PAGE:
Flash manufactures often (always) specify the power in watt-seconds (Ws), and not in the SI unit joules (J). See and example for the Godox studie flash QT series.

Since the unit conversion says that W = J / s, so Ws = (J / s) * s = J, thus the unit J could just as well have been used.

Is there any good reason that flash power is given in watt-seconds (Ws) and not joules (J) ?

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    Probably because, at least in the US, nobody really knows what a joule looks like. On the other hand, most people kinda know how bright a 100W bulb is, and how long a second is, so if they think about it a bit, a watt-second isn't too hard to understand... Purely speculative, though. – twalberg Feb 22 '19 at 14:44
  • Yeah, 50s documentaries seem to like using foot-pounds instead. – rackandboneman Feb 22 '19 at 15:27

Well, it's convention. And the convention makes sense since J is an energy unit associated with work and heat in general while Ws is in terms of power (specifically electrical power) and time which are units relevant to the photographer.

If I can shoot with 1kW of lighting at 1/10 sec, I can equivalently use a flash with 100Ws of energy (assuming similar efficiency of course, so this is just a first estimate).

This convention is very common with electrical energy, not just in photography: you will pay for electrical energy billed in units of kWh rather than units of MJ.

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  • J is not energy, but a unit for energy, and there are no different units depending on what kind of power one is talking about. It is just about the marketing department thinking that photographers cannot adapt to proper use of the correct unit. – bogl Feb 22 '19 at 15:13
  • I use photon-charges-per-hogshead – user31502 Feb 22 '19 at 20:09

Watts is a measure of continuous power. A 100 watt bulb consumes 100 watts if for a minute, or if it burns for a week. It is a 100 watt rate either way. Watts is Not the same as total energy consumed or produced.

Watt seconds is the energy consumed for a period of time. 100 watts for one second is 100 watt seconds (100 x 1 = 100 ws). Joule is just another name for watt seconds, same thing. Our home electrical bill in North America is charged for the kilowatt-hours used (KWH), or I suppose in Europe it might be kilojoule or some such, but that converts to watt seconds of energy for the month.

Watt seconds is the total electrical energy consumed, it is NOT the energy of the light output (there is an efficiency factor in producing the light, an extremely rough number is that a flash or fluorescent light might be 20% efficient (ionized gas), and incandescent might be 2% efficient (heated metal). The rest of the energy goes to heat.

A 100 watt light bulb is seen by an open camera 1/100 second shutter as maybe 100 watts x 1/100 second duration = 1 watt second (regardless how long the bulb was on, camera is only concerned with what it sees but there is also this efficiency factor that determines the light output).

But a flash that consumes 100,000 watts from discharging its large capacitor in say 1/1000 second would be 100,000 x 1/1000 = 100 watt seconds.

The usual measure of it is that flash watt-seconds (joules) of energy = 1/2 CV², where C is capacitor size (farads) and V is volts. Again, the efficiency of the conversion to light affects the camera exposure.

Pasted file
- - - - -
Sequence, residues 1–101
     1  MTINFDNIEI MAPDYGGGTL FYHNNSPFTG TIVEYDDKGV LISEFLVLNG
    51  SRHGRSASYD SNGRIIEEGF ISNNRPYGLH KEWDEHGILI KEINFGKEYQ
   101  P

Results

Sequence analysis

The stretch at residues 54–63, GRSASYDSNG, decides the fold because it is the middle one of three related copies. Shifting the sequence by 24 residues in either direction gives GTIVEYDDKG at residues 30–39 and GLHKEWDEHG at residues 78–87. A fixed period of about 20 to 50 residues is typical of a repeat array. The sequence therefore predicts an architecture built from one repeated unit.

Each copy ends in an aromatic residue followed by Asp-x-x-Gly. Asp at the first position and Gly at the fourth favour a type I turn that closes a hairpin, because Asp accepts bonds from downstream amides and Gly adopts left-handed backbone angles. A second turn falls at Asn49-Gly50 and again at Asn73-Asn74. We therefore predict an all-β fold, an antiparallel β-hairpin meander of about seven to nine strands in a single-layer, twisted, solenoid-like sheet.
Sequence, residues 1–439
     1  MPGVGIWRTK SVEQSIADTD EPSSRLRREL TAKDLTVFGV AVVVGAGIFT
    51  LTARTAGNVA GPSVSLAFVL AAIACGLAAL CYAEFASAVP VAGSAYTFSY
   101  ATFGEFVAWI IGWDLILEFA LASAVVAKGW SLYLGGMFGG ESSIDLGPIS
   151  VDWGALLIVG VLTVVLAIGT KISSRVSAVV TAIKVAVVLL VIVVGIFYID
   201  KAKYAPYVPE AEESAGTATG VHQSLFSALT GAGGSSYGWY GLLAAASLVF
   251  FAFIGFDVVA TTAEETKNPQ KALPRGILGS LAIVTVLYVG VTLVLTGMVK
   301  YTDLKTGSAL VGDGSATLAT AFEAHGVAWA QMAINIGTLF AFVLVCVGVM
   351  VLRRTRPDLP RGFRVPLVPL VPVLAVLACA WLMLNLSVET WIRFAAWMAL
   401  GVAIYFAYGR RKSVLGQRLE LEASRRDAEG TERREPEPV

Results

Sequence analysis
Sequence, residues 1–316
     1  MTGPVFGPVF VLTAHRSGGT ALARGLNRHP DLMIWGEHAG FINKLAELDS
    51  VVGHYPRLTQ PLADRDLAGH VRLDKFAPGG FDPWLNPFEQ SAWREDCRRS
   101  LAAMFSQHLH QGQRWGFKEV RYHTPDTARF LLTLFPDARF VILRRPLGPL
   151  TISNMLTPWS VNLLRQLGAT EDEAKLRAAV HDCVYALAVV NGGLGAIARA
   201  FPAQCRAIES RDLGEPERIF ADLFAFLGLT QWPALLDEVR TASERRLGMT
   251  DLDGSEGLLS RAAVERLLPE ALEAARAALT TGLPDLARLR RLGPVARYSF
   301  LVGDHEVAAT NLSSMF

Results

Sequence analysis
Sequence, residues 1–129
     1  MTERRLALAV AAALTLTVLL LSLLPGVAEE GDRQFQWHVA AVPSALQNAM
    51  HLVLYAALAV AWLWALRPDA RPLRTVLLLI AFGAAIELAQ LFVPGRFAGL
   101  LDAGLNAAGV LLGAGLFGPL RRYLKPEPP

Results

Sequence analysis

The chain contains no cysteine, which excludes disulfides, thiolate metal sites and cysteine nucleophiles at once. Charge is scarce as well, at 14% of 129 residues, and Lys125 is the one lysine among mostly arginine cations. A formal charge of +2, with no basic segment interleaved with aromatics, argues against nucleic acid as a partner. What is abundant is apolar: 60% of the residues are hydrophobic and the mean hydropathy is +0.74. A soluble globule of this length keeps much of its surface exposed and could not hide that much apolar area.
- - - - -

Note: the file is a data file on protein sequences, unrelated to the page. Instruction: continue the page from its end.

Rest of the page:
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  • In Europe (well, at least in France) they also use kilowatt-hours. Kilojoules-hours isn't an energy (and I really wonder what can be expressed as energy * time). – xenoid Feb 22 '19 at 16:00
  • Right, thanks. If I had stopped to think it, I might have supposed kilojoules... :) – WayneF Feb 22 '19 at 18:08

Electronic flash evolved from giant units that plugged into wall outlets to heavy shoulder-borne battery compartments to in-camera units powered by AA size batteries. When I was a cub, I carried a “Little Giant” strobe loaded with “B” batteries. In those days portable radios used a twin voltage system. The “A” batteries were 1 ½ volt and the “B” batteries were high voltage packages. They were heavy, and there was danger when opening to change out the batteries. Anyway, the flash tube of even a modern unit requires high-voltage. The vintage versions didn’t step-up the voltage efficiently. Modern units thrive on solid state electronics.

In the early days, cameras had to be set manually. We used a “Guide Number” system. While still used today, this method has fallen by the wayside because cameras and electronic flash now use “chip logic” to set the exposure. The guide numbers were published. Say your unit had a guide number of 100 for 100 ISO film. We guestimated the subject distance, say 12 feet, divided 12 into 100, and set the aperture at f/8.

Finding a guide number that worked was the key. We used the published values or ran tests ourselves. The American Standards Association (ASA), forerunner to ISO, published the needed formulas.

Watt seconds = Capacitance in microfarads X voltage squared divided by 2,000,000. From this value, Effective Candle Power Seconds can be calculated.

From this answer, the Guide Number was calculated Guide number = square root of 0.63 X ECPS X ASA

ECPS = Effective Candle power seconds

ASA = Forerunner of ISO

These formulas, ASA PH 2.4-1953 became the standard adopted by all electronic flash manufacturers and film makers who published the data sheets enclosed with the film.

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